Mitch Gettman album titles have a way of eliciting a furrowed brow and then a … “Well, can’t argue with that.”
Stop Living Like It’s The End of the World was this spring’s LP from the Omaha singer-songwriter. Now, enter the forthcoming EP Nothing Stays The Same. The titles ring as bold, if general, credos. And then, unquestionably, the tunes and instruments fit together elegantly behind them. The picture is often something life-long, as wide open — both meaning-begging and meaning-resistant — as the years themselves.
There’s a pleasant assuredness here that belies Gettman’s age with nothing spelled out and the promise that the journey will stand behind and envelop a slogan that could be stuck on your learned mother’s refrigerator.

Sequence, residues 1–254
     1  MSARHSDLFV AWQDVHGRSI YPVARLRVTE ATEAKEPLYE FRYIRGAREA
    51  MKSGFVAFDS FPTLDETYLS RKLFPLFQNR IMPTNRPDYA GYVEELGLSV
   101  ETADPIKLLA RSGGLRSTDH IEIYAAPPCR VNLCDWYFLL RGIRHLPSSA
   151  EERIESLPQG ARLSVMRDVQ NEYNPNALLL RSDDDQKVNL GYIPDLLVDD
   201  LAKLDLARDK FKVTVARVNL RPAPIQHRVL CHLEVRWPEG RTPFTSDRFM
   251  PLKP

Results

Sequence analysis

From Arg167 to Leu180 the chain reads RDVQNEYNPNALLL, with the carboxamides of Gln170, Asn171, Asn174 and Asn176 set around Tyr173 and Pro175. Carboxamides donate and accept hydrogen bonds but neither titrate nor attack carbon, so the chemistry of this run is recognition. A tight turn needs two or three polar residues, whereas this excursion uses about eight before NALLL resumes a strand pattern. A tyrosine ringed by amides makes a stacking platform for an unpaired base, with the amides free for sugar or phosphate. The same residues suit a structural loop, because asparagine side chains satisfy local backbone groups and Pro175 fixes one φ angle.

On “Fortune of Thieves,” premiered here, that comes on the back of a beautiful chamber of violins that guide Gettman’s song. At least musically. On the other hand, the creation of that orchestration seems to be the foremost talent of the young singer-songwriter.
In a song about a hypothetical wedding, it’s as though he’s coerced the ceremonial orchestra into accompanying him on a heartfelt digression with staccato bow-strokes perking up in the chorus up when things look grimmer. The title, “Fortune of Thieves,” then is its own mystery, the small capers that flesh out the implications of Nothing Stays The Same.
Gettman releases Nothing Stays The Same on Oct. 18 at Reverb Lounge with Edem and Brad Hoshaw. RSVP here.
Now, enjoy “Fortune of Thieves.”